Select Committee on Modernisation of the House of Commons First Report

Connecting with the Public

51. Over recent decades government publications have been made much more attractive to the general reader. Routinely they involve colour printing with photographs to illustrate and break up the text. Statistical points are normally illustrated by graphics which make the point more visible and more easily comprehensible.

52. Conversely, select committee reports now look like documents from a previous era. They are always in black and white, rarely contain any illustrations and statistical points are at best expressed by a table. This does not do justice to the excellent work which the committee may have put in over many months on the inquiry. Nor is it fair to the wider public to whom we could readily make these reports more accessible.

53. This is a matter on which previous committees have commented. The Liaison Committee made this point powerfully in its Report 'Shifting the Balance' two years ago.[20] Some recent progress has been achieved. We applaud the changes made with effect from the start of this year : the replacement of roman numerals in Reports by familiar figures, the larger typeface and the improved layout of Report covers. Nevertheless we believe that much more can be done to improve the design and to increase the accessibility of select committee reports so that they reach a wider audience. We recommend that the Committee Office procures the services, either on a consultancy or a salaried basis, of experts in design and layout to ensure that reports benefit from the most modern technology and the most attractive design.

54. Previous proposals for improvement of the presentation of select committee reports have carried the qualification that any such improvements should be cost neutral. We believe that there are areas where substantial savings could be secured. For instance, we are not persuaded that current practices on printing and publishing evidence pay sufficient attention to economy. It is important that Members and the press should be able to access the transcripts of oral evidence and written memoranda. But such evidence can readily be accessed on the parliamentary website thus avoiding the need invariably to print such sometimes bulky material along with the committee's report with a significant increase in the cover price. There may also be changes in practice in the way in which evidence is received from outside the House and transmitted to the presses which could lead to savings. Nevertheless the House should not shrink from some marginal increase in cost if that is necessary to give reports a more modern and attractive presentation.

55. We are convinced that Parliament and its committees should take full advantage of new technology to communicate with the public who elect us. We welcome the pilot project in webcasting public sittings of select and standing committees. This enables any citizen with access to the internet to listen to live proceedings and to hear the evidence brought before committees. This may not, except on rare occasions, be a matter of mass interest, but it is an important service for NGOs, lobby groups and commercial organisations, many of which will have an interest in proceedings. We hope it will one day become the norm for public hearings of select committees to be broadcast via the internet in this way.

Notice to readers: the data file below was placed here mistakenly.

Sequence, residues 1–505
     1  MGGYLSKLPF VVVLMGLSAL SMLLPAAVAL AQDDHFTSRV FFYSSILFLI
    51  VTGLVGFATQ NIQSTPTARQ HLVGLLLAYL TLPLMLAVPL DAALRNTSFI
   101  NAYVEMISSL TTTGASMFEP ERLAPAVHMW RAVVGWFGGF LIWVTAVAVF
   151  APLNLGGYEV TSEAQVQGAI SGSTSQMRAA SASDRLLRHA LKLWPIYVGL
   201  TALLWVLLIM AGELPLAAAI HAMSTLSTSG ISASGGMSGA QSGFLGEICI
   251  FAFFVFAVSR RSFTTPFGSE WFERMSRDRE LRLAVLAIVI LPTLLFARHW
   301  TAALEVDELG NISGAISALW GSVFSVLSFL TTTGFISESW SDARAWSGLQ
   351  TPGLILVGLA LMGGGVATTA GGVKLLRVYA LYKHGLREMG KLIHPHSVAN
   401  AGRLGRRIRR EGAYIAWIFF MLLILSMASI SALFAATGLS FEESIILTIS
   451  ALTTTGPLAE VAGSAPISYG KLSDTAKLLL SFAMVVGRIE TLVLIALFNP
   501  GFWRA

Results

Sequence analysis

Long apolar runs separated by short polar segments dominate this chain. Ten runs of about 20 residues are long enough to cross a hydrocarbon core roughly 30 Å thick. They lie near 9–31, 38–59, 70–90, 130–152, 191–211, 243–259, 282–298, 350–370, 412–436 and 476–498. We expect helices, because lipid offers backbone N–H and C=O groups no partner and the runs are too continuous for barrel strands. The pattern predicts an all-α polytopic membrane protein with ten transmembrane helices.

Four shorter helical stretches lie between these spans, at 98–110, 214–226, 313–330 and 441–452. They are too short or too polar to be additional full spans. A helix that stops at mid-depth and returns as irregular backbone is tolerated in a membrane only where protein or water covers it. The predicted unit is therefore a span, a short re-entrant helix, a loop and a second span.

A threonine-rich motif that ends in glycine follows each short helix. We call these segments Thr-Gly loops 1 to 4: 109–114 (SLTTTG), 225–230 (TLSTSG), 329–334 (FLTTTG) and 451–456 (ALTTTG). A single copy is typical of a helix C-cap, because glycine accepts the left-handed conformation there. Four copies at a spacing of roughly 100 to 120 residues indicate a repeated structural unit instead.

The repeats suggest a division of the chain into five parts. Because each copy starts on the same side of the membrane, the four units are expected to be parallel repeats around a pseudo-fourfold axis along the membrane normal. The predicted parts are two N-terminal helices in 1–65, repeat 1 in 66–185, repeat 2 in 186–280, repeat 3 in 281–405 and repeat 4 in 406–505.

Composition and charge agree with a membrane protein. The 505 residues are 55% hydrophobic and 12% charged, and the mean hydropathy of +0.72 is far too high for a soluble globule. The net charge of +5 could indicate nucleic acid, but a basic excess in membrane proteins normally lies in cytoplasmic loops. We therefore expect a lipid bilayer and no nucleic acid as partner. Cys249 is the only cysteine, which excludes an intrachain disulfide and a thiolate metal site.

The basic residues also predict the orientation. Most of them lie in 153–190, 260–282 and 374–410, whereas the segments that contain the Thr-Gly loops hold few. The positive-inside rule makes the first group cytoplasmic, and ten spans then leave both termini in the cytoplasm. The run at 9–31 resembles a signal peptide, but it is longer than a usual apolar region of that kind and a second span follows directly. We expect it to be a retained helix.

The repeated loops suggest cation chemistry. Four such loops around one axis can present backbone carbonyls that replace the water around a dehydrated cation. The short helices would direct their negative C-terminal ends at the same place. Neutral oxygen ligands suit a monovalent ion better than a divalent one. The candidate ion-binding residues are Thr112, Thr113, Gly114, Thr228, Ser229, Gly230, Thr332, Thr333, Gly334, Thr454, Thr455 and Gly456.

56. Not all improvements need to be technologically based. One step could readily be taken to make what goes on in the House's committee rooms much more intelligible to members of the public who attend proceedings. We recommend that Notes for Visitors should be prepared, setting out in plain language the nature of the proceedings, and that where practical this should be supplemented on the day with guidance on the topics under discussion.

57. Select committee reports are of great value as an informed contribution to public debate and are often a valuable stimulus to such debates and their media coverage. However, their impact on Government policy in part depends on the process for parliamentary debate and Government response to the reports. We welcome the introduction of debates in Westminster Hall which has significantly increased the opportunity for debate of select committee reports selected by the Liaison Committee under the arrangements proposed by our predecessors in the last Parliament. At present, however, such debates by convention normally take place on reports only where the Government has published its response. We recommend that all reports of select committees should be eligible for debate in Westminster Hall after the closure of the two month period within which Government is expected to publish its response, whether or not such a response has been tabled. We anticipate that the effect of this recommendation will not be to increase debates without a Government response but to reduce the number of occasions on which a Government response has not been tabled within two months.

58. There have been proposals to increase the frequency with which select committee reports are debated in the Chamber and in particular to provide greater topicality for such debates by bringing reports before the House more quickly. For instance, the Liaison Committee in the last Parliament in its report 'Shifting the Balance' recommended that once a week there should be a half hour set aside after question time for a short exchange on a recent report. We have not taken a view on this or other such proposals in our present study. We believe that it would be more sensible to return to this matter when we consider the structure of the day in the Chamber in the course of our forthcoming study of the modernisation proposals put forward by the Leader of the House.

20   HC 300 of Session 1999-2000, paragraphs 93 to 95. Back

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Prepared 12 February 2002